"One of the frustrating things is to try to get them to understand that your time is valuable," he adds.
It may take months -- or years -- to be reborn
Willis was lucky. He was able to get his dispute resolved in less than a month and closed on his house just in time. However, other consumers have had to wait much longer to get their financial lives back on track.
Jim Francis, the consumer lawyer in Philadelphia, says that many of his clients came to him in desperation after submitting their disputes through the credit reporting agencies' automated dispute process and getting nowhere.
"They tried sending detailed disputes, documentation [saying], 'Here I am. This is my Social Security number. This is obviously not me.' And surprisingly, in a bizarre fashion, the credit reporting agency verified them as being deceased," he says.
That's when their lives flipped upside down. Not only could they not get credit. They had no idea how long it would take the credit bureaus to figure out the mistake.
Credit reporting agencies are required by the Fair Credit Reporting Act to thoroughly investigate any item on a credit report that the consumer says is wrong. However, in many cases, Francis says, the original furnisher of the information is the one who got the record wrong, not the credit bureau, and the credit reporting agencies don't follow up.
"The credit reporting agencies don't conduct any type of independent investigation," says Francis. Instead, the credit bureaus send a consumer's dispute to the organization that supplied the information and rely on them to look into whether a consumer is really dead. "That's how things are getting verified," he says.
If a creditor looks at its records and sees that the consumer is listed in its files as deceased, it doesn't always dig further, says Francis. "They're not really that interested in conducting investigations, either," he says. "It's not really a profit center for them so they are doing the bare minimum." As a result, the creditor sometimes ends up repeating the same inaccurate information to the credit bureaus.
At that point, consumers have few options but to wait and try again.
Banks and other types of creditors are required by law to thoroughly investigate whether the information they have on file is correct, says Francis. "They have the same duty that the credit reporting agency has," he says. "Both the credit reporting agency and the furnisher must conduct a reasonable investigation." So consumers have the legal ammunition to fight back against credit reporting agencies' and furnishers' claims that they are dead.
However, they have little power to speed up the process and get their credit reports unlocked when they need them.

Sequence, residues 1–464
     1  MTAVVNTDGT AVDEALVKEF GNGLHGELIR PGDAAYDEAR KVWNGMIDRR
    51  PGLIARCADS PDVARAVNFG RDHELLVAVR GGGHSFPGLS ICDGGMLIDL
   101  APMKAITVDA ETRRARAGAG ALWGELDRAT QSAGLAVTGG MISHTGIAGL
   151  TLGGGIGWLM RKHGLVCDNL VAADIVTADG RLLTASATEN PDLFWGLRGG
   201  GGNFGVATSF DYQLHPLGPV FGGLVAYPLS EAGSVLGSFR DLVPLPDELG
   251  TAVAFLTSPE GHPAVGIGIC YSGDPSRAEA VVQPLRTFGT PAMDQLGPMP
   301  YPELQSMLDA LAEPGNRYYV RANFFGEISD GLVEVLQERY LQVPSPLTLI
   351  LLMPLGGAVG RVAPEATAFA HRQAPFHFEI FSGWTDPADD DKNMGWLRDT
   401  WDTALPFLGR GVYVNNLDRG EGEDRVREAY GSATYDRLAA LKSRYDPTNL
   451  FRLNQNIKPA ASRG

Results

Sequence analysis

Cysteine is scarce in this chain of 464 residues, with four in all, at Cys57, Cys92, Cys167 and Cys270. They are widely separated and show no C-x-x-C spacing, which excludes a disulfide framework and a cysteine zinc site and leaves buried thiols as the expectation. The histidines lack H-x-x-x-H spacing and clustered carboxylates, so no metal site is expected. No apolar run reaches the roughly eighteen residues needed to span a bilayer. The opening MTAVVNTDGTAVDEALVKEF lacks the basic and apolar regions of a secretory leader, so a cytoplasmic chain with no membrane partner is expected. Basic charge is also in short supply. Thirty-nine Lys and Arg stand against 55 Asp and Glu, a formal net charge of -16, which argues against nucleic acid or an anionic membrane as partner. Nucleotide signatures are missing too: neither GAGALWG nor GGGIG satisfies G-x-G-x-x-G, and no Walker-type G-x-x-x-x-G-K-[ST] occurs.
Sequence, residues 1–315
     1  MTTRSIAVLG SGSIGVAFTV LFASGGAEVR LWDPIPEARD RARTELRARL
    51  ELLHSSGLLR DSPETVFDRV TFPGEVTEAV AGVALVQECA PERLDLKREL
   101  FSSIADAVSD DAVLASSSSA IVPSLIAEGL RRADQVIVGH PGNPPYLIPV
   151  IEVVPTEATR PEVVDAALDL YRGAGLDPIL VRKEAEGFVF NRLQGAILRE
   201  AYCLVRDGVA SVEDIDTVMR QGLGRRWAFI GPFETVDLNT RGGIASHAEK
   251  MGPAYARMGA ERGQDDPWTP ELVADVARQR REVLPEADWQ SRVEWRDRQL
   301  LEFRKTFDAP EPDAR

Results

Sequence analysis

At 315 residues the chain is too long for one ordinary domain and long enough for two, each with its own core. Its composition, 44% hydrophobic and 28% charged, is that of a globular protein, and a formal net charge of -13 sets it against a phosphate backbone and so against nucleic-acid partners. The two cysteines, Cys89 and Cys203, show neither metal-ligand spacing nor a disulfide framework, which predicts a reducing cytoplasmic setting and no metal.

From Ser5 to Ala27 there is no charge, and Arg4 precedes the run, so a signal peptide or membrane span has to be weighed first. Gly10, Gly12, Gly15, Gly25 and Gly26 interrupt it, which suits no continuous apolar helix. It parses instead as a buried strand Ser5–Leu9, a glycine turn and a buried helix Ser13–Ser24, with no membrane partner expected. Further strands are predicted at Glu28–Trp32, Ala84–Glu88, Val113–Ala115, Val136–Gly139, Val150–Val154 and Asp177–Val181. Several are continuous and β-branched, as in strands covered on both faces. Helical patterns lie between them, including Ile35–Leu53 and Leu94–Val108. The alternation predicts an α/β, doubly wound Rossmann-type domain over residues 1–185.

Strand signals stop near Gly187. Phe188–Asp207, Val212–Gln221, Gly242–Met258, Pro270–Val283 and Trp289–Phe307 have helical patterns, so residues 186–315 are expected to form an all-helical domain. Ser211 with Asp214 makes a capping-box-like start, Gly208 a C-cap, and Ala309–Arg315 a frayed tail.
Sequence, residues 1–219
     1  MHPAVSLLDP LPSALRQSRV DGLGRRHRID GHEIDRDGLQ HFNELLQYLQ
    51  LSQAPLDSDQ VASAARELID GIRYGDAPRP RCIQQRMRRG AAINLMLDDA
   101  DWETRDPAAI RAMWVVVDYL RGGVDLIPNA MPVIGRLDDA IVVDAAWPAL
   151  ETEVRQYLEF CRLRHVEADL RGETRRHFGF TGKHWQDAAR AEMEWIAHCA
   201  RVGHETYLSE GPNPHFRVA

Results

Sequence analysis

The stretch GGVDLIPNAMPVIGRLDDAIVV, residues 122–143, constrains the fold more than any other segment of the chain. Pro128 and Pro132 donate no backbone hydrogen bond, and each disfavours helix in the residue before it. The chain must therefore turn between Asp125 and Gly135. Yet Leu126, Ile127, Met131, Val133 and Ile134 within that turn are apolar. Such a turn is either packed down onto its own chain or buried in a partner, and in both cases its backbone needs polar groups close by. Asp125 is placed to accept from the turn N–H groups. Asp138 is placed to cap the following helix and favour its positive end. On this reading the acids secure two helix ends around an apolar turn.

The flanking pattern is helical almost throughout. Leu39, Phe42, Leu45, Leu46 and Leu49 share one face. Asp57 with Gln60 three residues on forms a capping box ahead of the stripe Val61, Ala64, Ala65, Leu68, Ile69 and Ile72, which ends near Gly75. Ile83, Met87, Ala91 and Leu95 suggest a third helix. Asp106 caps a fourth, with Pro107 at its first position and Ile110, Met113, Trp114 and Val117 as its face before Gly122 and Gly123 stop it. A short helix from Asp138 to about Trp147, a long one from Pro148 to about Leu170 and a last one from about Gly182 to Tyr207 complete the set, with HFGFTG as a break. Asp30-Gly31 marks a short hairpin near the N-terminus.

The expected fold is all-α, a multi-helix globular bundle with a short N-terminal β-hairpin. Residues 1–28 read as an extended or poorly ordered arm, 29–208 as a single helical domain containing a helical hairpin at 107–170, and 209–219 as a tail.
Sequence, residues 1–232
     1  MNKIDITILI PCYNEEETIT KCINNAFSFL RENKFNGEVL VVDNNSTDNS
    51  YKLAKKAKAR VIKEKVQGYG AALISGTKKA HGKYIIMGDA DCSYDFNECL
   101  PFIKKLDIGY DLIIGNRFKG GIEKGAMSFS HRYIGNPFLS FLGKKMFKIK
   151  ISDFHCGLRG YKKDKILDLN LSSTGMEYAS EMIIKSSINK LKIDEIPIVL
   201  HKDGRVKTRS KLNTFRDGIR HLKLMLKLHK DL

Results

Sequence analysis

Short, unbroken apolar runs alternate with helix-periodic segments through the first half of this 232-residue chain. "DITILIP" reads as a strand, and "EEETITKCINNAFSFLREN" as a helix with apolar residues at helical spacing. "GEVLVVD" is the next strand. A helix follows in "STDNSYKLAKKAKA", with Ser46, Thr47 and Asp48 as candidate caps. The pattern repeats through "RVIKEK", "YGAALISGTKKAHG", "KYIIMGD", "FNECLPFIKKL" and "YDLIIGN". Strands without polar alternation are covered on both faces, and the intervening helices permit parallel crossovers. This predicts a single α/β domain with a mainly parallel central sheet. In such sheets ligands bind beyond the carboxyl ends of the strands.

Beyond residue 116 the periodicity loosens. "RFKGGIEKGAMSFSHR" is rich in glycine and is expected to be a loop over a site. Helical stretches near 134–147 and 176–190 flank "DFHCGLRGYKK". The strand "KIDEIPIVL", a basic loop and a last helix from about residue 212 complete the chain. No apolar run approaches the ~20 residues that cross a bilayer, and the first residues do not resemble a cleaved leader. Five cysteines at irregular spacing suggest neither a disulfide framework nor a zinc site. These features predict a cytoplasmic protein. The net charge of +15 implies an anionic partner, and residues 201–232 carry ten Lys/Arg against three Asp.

"It takes a really persistent effort" to get a dispute resolved, says Nina Heck, director of the Consumer Credit Counseling Service of Maryland and Delaware. "Sometimes [a dispute] has to be resubmitted and resubmitted."
Heck has worked with multiple clients in the past who have been mistakenly declared dead and she says it often occurs because a client's name was mixed up with someone else.
When that happens, proving you are who you say you are can be a challenge, she says. "First, you have to prove that you are you and then you have to be able to validate that this [other] person is deceased," says Heck.
Beware of the Death Master File
Consumers who have been accidentally killed off by the Social Security Administration, rather than a creditor, have it even worse. The Social Security Administration keeps a master list called the Death Master File that lists everyone in the United States who has died. Sometimes, a person will get mixed up with someone else or a typographical error will cause them to be listed as deceased.
Once a consumer is listed as dead in the Death Master File, numerous stakeholders are notified, including the credit bureaus and other government agencies. Soon after, consumers' credit reports are shut down, their benefits are cut off and they are barred from getting a new job because they don't have a living Social Security number.
Getting taken off the Death Master File, meanwhile, can sometimes take years, according to numerous press reports, financially devastating those involved.
"As many news reports have accounted, incorrect death reports have created severe personal and financial hardship for those who are erroneously listed as deceased," said U.S. Rep. Sam Johnson of Texas in February, announcing a congressional hearing on the Death Master File's accuracy. "Those affected have experienced termination of benefits, rejected credit, declined mortgages and other devastating consequences, while their personal and private information is publicly exposed."
See related: A guide to your rights under the Fair Credit Reporting Act , How to dispute credit report errors